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All Things in Moderation

Apr
14
2004

On the eve of what could be a big victory – the resolution of California’s nasty and expensive workmen’s compensation insurance system – let’s take a few minutes to consider Gov. Arnold Schwarzenegger as a politician. This is no joke. And neither is he.
Schwarzengger understands how to win votes, on the street and in the legislature. Toward voters, Schwarzenegger is charming and patient, explaining that his candidacy has begun to interest more people in politics and government, a good thing.


“So now they’re aware of what’s going on, and because of that, when you say, ‘I need your help,’ you bring them in and you make them as important as you are. Because you say, ‘Hey, you have the power. Let’s all make the decision together.’ It shouldn’t be just me there sitting. I need you too.”
With the legislature – particularly the Republicans – he is highhanded and threatening. Democrats, who run the place like this because they’re still in control, bargaining with the Gov. Republicans in the minority, are less enthusiastic. But, well, that only lasts so long. They got no where else to go. And he knows it.
Consider this comment, posted by Sacramento Bee columnist Dan Weintraub a few weeks ago:
“In my head, everything is clear. You see, the thing you have to understand is, I have to look at it – to be smart about this – to look at the whole picture. Which means that you have to look at all the problems that are potentially coming up. And all the things that you’re negotiating with the legislators. You have to look at the whole thing. Workers’ comp is one thing. The budget is another thing. Then there’s energy…We have to look at the overall picture…Everything falls into place if you look at the overall picture. If you just piecemeal it, you just look at one at a time really close and you don’t look at the other things, with blinders on, that’s when you start making mistakes and start scrambling. And you don’t want to scramble.”

When was the last time you heard a pol talk that honestly and intelligently? Yeah. Me neither.
Schwarzenegger is, above all, a pragmatic businessman; a guy who is interested in getting the job done. Remember, he doesn’t come out of the Hollywood studio system like Ronald Reagan to whom he is often (wrongly) compared. Schwarzenegger comes of out of the free-agent, packaged Hollywood where the deals the stars make are often more important than the roles they pick. Remember, this is the guy who told Tim Russert that the number one thing he learned from Hollywood was sales: moving tickets. Business guys like Schwarzenegger – Progressive Libertarians – aren’t interested in why you bought a ticket, just that you did.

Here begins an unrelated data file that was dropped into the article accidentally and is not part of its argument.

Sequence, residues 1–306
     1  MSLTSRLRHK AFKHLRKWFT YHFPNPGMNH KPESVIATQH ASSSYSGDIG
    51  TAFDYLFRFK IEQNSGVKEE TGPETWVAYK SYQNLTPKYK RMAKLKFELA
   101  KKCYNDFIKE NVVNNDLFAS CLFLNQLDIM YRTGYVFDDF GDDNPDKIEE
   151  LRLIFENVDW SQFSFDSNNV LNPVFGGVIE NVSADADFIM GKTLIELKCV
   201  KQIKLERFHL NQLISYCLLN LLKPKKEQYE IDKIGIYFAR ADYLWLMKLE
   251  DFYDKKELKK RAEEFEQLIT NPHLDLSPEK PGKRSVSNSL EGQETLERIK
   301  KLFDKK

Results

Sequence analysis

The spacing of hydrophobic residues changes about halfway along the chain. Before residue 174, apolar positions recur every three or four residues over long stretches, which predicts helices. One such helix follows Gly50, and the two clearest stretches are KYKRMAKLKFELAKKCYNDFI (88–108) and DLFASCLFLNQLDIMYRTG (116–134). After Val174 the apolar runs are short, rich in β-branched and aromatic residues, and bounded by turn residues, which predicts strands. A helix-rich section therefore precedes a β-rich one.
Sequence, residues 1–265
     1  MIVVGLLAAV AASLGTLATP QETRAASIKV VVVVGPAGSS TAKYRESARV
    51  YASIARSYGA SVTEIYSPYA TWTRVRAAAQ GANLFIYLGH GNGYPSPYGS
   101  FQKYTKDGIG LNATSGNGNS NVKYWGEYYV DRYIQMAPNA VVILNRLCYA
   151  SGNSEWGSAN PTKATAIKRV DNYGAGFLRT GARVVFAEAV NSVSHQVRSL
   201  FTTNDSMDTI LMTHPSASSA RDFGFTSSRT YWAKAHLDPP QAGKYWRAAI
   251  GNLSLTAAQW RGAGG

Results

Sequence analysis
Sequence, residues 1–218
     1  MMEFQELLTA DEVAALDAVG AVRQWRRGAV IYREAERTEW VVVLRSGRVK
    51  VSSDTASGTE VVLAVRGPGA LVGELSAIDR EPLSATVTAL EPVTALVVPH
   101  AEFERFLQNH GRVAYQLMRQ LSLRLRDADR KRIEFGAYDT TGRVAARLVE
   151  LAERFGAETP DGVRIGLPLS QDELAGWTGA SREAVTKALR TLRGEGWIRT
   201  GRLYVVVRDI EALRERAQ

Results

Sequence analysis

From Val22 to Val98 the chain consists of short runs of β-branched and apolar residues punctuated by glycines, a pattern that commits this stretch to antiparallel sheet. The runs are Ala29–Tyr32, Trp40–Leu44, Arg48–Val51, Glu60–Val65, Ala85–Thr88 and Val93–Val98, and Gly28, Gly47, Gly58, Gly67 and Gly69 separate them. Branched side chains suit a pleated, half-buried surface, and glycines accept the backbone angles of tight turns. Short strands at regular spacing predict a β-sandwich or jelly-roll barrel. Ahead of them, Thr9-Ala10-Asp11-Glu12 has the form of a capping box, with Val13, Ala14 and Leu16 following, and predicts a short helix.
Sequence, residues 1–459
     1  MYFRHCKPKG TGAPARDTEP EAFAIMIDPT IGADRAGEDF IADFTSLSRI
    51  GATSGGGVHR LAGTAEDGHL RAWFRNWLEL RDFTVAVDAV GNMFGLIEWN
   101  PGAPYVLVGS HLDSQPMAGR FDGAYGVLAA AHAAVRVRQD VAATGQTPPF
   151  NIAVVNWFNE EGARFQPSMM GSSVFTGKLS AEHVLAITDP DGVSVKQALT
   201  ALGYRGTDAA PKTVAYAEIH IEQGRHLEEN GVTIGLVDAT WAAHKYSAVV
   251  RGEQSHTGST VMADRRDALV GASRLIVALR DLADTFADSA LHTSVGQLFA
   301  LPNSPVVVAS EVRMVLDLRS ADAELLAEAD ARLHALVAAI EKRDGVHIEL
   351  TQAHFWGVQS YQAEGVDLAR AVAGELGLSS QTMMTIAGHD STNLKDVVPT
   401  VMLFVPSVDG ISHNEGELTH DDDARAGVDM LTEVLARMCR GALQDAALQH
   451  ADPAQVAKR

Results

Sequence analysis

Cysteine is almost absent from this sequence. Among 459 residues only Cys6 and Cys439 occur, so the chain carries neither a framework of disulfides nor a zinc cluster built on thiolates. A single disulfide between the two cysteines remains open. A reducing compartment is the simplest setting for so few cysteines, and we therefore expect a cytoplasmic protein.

Combine this with some quiet talk going on within the Democratic Party here in California about the need for Democrats to move out of stasis to, once again, become the party of change and ideas. This isn’t being shouted from the hilltops but the Silicon Valley way of doing things – best articulated by state Controller Steve Westly – sounds a lot like Schwarzengger: Bring more people to the process, gett away from set party lines, get the job done, run the state, improve the schools. Do what needs to be done without spending an arm and a leg. And do it now, dammit.
It’s got a national echo, too. No less an authority than Time’s Joe Klein – he’s having a particularly good run these past few weeks – has suggested that Democratic Nominee John Kerry’s boldest move might be one Schwarzengger, with moderate Dems like Westly at his side, has already sketched out. It is, by the way, almost precisely the course that San Francisco Mayor Gavin Newsom has charted for pretty much the same reason: Partisan bickering has driven normal people out of politics and moderate, centrist pols who want to get things done, rather than score points with the party poo-bahs, are hamstrung by the lack of power and authority. Here’s Klein:
The most daring promise Kerry can make involves a matter of style, not substance: peace in our time—in Washington. An end to the berserk partisanship that has overtaken the nation, a return to creative moderation…A radical move to the middle, a campaign that looks and sounds different from the usual partisan claptrap—one that features more ideas like Kerry’s proposed reduction in the corporate tax in return for corporate-loophole closing—may be John Kerry’s only chance to transcend the swamp gas that is threatening to engulf this long, long political year.
Kerry’s not going to do that. As Micah Sifrey is pointing out Kerry doesn’t have the nerve. But, Schwarzengger does. And in a nation that’s increasingly made up of immigrants – immigrants who may soon be able to vote – Schwarzenegger is a potent political force.

Share  Posted by Chris Nolan at 11:35 AM | Permalink

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